On Tuesday, House Intelligence Committee Chairman Adam Schiff quickly interrupted LTC Alexander Vindman’s testimony when Vindman admitted that he had spoken to others about the Ukraine call.
Ranking Republican member Devin Nunes was following a line of questioning into the July 25 phone call between President Trump and Ukrainian President, asking who Vindman might have spoken to about the phone call and his concerns about the implications of that call.
“Lieutenant Colonel Vindman, did you discuss the July 25th phone call with anyone outside the White House on July 25th or the 26th and if so with whom?” Davin Nunes asked.
“Yes. I did,” Vindman replied. “My core function is to coordinate U.S. Government policy and I spoke to two individual with regards to providing a — some sort of readout of the call … Not in the White House. Cleared U.S. Government officials with the appropriate need to know.”
“And what agencies were these officials with?” Nunes pressed.
Vindman stated that one of the people he also spoke to was Deputy Assistant Secretary of State George Kent, who testified before the committee last week. He also said that he told an unnamed official within the intelligence community, as The Daily Caller reported.
“As you know, the intelligence community has 17 different agencies. What agency was this individual from?” Davin Nunes asked for more clarification, at which point Adam Schiff interrupted.
“If I could interject here. We don’t want to use the proceedings…” Schiff began.
“It’s our time,” Nunes protested.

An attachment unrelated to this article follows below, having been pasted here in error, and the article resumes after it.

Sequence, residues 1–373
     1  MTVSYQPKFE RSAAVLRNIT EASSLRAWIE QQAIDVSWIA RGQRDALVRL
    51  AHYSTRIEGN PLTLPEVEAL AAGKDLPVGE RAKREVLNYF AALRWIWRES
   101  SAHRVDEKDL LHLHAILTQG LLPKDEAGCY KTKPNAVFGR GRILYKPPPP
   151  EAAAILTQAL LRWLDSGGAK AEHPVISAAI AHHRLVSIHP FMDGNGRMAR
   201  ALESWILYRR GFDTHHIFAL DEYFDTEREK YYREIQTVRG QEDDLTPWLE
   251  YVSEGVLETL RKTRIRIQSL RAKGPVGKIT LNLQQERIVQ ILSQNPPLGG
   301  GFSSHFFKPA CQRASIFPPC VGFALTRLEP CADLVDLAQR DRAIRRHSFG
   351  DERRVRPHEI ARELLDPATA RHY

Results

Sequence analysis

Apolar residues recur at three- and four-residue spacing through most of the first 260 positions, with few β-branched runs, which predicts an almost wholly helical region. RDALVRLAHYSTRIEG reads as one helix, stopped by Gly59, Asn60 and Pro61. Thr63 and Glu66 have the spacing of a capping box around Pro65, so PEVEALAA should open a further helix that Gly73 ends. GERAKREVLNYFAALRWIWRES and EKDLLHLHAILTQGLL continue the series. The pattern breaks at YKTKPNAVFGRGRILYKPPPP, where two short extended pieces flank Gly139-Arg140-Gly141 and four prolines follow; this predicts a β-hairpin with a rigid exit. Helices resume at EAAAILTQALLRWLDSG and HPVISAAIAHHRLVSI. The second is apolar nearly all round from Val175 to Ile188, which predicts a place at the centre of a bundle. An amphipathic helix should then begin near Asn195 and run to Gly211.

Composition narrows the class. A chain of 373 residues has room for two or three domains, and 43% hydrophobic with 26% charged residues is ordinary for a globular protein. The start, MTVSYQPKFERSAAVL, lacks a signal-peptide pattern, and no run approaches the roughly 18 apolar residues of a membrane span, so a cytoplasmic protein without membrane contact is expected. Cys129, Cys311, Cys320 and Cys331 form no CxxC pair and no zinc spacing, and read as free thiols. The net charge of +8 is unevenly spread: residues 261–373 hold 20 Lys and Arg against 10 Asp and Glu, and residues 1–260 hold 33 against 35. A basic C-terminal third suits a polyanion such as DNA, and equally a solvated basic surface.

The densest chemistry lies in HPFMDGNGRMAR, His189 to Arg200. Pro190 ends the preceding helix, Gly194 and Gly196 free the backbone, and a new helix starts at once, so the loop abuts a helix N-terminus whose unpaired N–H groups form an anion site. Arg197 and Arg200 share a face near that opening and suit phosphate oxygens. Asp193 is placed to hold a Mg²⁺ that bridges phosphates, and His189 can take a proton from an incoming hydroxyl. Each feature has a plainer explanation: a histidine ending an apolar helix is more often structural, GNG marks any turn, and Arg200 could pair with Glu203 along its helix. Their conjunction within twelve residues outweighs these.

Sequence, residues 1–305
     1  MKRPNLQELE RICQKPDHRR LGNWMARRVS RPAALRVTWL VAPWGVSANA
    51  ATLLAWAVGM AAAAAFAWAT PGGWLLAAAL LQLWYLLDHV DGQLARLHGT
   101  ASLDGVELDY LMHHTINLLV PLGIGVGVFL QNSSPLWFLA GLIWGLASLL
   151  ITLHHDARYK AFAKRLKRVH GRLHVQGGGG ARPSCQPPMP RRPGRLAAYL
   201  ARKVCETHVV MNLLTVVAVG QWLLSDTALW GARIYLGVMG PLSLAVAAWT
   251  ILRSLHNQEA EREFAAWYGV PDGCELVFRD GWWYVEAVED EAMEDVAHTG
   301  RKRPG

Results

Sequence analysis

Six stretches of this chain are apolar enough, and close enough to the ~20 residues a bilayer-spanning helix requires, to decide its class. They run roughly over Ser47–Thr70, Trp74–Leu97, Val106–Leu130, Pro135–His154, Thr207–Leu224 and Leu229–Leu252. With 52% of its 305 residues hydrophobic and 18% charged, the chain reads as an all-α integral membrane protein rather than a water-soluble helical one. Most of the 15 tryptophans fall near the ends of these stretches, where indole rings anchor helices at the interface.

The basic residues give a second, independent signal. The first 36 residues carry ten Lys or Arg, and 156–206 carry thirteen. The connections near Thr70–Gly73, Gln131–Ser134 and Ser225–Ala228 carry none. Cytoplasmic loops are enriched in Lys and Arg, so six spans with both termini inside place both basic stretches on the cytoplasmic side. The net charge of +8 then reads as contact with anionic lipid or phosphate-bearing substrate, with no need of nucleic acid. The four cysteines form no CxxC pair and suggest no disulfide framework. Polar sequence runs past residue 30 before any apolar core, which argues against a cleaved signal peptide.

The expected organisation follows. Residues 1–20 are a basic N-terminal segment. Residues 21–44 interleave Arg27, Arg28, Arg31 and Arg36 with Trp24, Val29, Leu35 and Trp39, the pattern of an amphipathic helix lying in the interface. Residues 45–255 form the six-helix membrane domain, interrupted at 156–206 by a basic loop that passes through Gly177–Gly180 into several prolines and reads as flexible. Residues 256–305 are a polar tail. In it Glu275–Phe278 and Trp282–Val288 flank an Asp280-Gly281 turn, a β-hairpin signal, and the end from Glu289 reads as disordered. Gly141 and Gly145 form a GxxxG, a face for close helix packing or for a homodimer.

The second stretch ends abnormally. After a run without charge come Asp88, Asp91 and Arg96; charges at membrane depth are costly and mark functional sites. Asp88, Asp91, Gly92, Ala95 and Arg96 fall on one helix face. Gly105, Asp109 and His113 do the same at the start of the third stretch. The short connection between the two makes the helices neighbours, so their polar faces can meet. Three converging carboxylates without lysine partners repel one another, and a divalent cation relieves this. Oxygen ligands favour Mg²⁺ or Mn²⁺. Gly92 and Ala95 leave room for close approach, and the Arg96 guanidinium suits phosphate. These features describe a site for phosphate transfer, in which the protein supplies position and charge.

“But we need to protect the whistle-blower. Please stop. I want to make sure that there is no effort to out the whistle-blower through these proceedings. If the witness has a good faith belief that this may reveal the identity of the whistle-blower, that is not the purpose that we’re here for. I want to advise the witness accordingly,” Schiff continued.
Davin Nunes then pointed out that LTC Vindman had, in his deposition, stated that he did not know the identity of the whistle-blower — which Vindman confirmed. “How it is possible for you to name the people and then out the whistle-blower?” Nunes asked then.
“Per the advice of my counsel, I have been advised not to answer specific questions about members of the intelligence community,” Vindman said.
“This is — are you aware this is the Intelligence Committee that is conducting the impeachment hearing?” Nunes asked. “Wouldn’t it be appropriate for you to come to testify to the intelligence community about somebody about the intelligence community?”
Vindman stated his objection again and clarified only that the person or people he spoke to “were properly cleared individuals or was a properly cleared individual with a need to know.”
“This is — you can really plead the fifth,” Nunes pushed back. “But you’re here to answer questions and you’re here under subpoena. So you can either answer the question or you can plead the fifth.”
Vindman’s attorney also jumped to his defense, saying that he was just following the rules set forth by the chair. Adam Schiff concurred, repeating his concern that the hearing not be used as an attempt to out the whistle-blower.
“Well, we’ve attempted to subpoena the whistle-blower,” Nunes said. “The Chair has tabled that motion and has an unwilling to recognize those motions over the last few days of this impeachment inquisition process.”